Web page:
The EU Machinery Directive does not apply to rail vehicles, and they are also explicitly excluded from the scope of the German Ordinance on workplaces (The German ordinance on workplaces (ArbStättV) transposes EU Directive 89/654/EEC into German law. Its scope excludes vehicles used in public Transport.) However, rail vehicles constitute work equipment in the sense of the German ordinance on industrial safety and health. What role do standards play in railway legislation, and how can the workplaces of engine drivers be designed to be safe? These were among the questions raised at a discussion between experts, hosted by KAN, of railway legislation, standardization and occupational safety and health.
On 18 June 2018, representatives of the state authorities, accident insurance institutions, manufacturers, railway operators, trade unions, standards bodies and the LASI met in Sankt Augustin to discuss legal issues relating to occupational safety and health and the technical safety of rail vehicles. They discussed the areas in which action is considered necessary, what can be concluded from the OSH rules and regulations, for example with regard to risk assessment (see also DGUV Informative publication 214-085 (pdf, in german) governing OSH requirements for locomotives, January 2017), and the legal arguments with which the occupational safety and health lobby can propose OSH provisions.
An expert from the German Federal Railway Authority (EBA) explained that European Directive 2016/797/EU (pdf) on the interoperability of the rail system within the European Union had overriding status in the hierarchy of the body of rules and regulations. The directive is supported by technical specifications for interoperability (TSIs). The TSIs contain certain requirements relating to occupational safety and health, but are generally drawn up without the involvement of OSH experts. They also make reference in some cases to standards, which as a result become binding. The leaflets of the International Union of Railways (UIC), which supplement the body of regulations, are very detailed but less binding in nature.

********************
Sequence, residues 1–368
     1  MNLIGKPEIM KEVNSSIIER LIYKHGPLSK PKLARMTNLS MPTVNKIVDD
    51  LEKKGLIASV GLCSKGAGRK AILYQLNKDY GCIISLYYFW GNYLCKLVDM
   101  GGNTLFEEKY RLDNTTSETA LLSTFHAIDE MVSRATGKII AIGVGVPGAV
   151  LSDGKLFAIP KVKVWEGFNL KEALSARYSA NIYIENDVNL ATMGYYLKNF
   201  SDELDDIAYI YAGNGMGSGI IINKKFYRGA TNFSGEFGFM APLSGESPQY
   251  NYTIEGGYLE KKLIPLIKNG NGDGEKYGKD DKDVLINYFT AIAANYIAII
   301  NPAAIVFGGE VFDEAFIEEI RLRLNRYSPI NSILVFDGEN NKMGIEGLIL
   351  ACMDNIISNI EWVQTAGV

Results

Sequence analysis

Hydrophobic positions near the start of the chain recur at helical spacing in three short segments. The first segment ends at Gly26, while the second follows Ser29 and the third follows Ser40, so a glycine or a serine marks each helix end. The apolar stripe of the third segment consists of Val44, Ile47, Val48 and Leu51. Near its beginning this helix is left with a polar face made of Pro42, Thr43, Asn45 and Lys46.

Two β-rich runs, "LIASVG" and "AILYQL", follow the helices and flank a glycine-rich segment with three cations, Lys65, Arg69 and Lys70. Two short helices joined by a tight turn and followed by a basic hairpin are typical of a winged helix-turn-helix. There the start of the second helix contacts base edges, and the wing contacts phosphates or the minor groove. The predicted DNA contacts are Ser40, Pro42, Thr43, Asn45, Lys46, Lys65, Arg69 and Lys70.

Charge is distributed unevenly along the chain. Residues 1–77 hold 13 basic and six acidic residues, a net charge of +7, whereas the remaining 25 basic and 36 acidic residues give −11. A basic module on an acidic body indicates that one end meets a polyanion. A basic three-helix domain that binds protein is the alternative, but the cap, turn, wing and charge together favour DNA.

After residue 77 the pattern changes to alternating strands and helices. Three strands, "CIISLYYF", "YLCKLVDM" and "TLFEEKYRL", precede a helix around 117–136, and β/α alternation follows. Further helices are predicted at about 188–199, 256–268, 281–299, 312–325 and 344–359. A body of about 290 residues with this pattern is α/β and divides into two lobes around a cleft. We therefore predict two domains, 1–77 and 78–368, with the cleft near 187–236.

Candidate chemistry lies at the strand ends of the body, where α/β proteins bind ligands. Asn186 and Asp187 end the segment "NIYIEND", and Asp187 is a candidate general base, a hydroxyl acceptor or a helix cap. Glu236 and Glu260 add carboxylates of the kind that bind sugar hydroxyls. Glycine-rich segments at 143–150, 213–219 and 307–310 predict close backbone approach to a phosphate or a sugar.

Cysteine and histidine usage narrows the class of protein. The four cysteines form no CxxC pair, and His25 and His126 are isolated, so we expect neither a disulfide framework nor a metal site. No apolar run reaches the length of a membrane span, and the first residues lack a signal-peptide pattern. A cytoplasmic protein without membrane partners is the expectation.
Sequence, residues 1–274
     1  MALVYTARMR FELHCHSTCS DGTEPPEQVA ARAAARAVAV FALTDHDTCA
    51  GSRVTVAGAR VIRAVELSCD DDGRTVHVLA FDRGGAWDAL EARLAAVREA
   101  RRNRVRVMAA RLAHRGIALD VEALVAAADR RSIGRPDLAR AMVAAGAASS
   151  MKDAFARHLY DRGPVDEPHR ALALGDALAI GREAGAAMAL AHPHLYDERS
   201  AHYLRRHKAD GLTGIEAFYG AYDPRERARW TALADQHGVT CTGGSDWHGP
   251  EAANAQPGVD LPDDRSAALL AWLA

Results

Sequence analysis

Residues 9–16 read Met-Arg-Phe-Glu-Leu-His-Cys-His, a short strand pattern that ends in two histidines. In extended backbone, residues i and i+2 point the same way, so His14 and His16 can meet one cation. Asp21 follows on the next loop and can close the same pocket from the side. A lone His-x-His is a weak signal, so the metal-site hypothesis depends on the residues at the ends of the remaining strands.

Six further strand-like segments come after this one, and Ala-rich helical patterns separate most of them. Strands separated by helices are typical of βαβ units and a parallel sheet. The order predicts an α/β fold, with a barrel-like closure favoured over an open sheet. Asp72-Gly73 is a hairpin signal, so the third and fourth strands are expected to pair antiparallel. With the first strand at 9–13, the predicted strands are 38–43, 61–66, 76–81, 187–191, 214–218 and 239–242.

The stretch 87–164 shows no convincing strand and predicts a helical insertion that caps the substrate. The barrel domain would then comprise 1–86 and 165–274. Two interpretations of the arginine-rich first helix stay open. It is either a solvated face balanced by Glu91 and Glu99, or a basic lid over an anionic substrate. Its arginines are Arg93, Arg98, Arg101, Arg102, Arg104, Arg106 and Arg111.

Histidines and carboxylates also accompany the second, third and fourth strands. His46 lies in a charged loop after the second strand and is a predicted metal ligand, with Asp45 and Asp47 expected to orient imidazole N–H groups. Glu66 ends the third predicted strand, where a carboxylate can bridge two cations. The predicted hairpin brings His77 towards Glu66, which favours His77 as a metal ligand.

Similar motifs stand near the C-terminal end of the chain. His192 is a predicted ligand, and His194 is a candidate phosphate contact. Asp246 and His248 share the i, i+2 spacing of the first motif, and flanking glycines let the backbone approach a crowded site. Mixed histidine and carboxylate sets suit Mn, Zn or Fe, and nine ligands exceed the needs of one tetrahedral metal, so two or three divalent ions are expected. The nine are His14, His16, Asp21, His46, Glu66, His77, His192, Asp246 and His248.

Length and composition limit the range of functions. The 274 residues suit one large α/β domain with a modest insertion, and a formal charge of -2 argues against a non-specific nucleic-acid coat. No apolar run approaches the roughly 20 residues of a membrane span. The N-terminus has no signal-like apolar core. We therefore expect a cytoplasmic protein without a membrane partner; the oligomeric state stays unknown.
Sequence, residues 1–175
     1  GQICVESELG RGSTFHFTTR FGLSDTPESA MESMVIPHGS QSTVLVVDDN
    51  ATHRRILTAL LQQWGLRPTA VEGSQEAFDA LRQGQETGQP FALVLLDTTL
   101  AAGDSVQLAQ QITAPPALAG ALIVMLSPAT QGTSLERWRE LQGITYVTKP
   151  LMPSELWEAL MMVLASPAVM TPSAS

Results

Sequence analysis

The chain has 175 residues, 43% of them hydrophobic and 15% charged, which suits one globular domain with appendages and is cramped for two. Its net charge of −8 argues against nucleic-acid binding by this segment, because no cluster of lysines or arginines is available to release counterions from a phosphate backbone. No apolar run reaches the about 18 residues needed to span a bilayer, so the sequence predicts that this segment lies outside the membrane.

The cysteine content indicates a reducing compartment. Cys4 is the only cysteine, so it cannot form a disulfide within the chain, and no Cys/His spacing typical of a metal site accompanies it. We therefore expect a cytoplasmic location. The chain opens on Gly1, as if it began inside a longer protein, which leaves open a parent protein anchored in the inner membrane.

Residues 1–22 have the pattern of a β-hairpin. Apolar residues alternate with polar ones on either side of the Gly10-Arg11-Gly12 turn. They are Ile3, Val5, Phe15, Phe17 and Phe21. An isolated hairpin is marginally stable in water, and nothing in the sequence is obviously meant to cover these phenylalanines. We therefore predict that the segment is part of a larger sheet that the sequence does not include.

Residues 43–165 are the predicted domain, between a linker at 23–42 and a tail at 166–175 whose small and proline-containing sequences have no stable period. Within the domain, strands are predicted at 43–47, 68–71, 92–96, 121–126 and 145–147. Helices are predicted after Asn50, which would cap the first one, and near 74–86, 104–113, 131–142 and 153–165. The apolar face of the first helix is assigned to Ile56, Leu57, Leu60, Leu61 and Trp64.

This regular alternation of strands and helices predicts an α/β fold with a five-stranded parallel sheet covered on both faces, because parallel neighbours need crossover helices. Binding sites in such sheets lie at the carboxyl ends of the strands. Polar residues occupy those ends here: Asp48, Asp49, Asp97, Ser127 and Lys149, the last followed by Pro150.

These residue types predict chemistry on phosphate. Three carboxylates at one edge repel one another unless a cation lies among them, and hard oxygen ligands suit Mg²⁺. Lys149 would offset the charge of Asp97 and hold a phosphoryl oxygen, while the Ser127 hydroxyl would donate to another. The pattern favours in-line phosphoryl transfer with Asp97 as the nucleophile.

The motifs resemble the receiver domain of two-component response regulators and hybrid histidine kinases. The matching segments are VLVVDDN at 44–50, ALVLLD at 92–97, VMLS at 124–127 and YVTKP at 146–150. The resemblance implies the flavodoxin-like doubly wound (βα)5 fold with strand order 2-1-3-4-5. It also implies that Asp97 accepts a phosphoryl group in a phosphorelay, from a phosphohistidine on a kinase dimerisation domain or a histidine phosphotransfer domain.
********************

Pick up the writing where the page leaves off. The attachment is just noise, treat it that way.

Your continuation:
It became clear from the discussion that the body of regulations is undergoing a process of change. Detailed requirements from the TSIs are progressively being transferred to standards. The occupational safety and health lobby must pay particular attention to these standards to ensure that they attain a level of safety that is comparable to that of other workplaces.
In the past, KAN comments on standards in the railways sector have often been geared to the principles of occupational safety and health in the area of machine safety. Legally, this principle is questionable, since railway operations lie outside the scope of the EU Machinery Directive. The European Commission's position is that the inapplicability of the Machinery Directive is compensated for in equal measure by European railways legislation.
The occupational safety and health lobby sees clear differences between the two, however. For example, it is not acceptable that significantly smaller and less ergonomic access points and emergency exits are permitted on railway vehicles than those permitted on machinery (prEN 16186-4, Railway applications – Driver's cab – Part 4: Layout and access, 2017-07). The critical dimensions in this case have already found their way into the TSI (Regulation (EU) No 1302/2014 concerning a technical specification for interoperability relating to the ‘rolling stock – locomotives and passenger rolling stock’ subsystem of the rail system in the European Union). Tall and heavy locomotive drivers thus face problems, despite the seat in the driver's cab being rated for a driver weight of up to 130 kg. The claim that limitations are imposed by design requirements is reasonable only to a degree, since locomotives exist on which larger design dimensions have been implemented.
A positive aspect is the existence at European level of Working Group WG 51 (Labour Health & Safety) under Technical Committee CEN/TC 256 (Railway applications). This working group reviews all European draft standards in the sphere of railways with respect to occupational safety and health aspects. If however, as in the case described above, the TSI already specifies smaller dimensions, it is difficult for improvements in occupational safety and health to be carried through in standards.
The event showed the statutory regulations in the railways sphere to be very complex. Technical specifications often fail to cover occupational safety and health aspects satisfactorily. OSH experts should therefore be involved to a greater degree in the development of TSIs. Risk assessment would benefit from regulatory gaps in railways legislation being closed by application of the workplaces legislation.
The growing trend for railway safety requirements to be incorporated into standards provides better opportunities for participation by the occupational safety and health lobby. Since many questions remained unanswered by the discussion (such as the grandfathering of older locomotives, and how OSH experts could be involved more effectively in the development of TSIs), a further expert discussion hosted by KAN is planned for 2019.
Dr. Anja Vomberg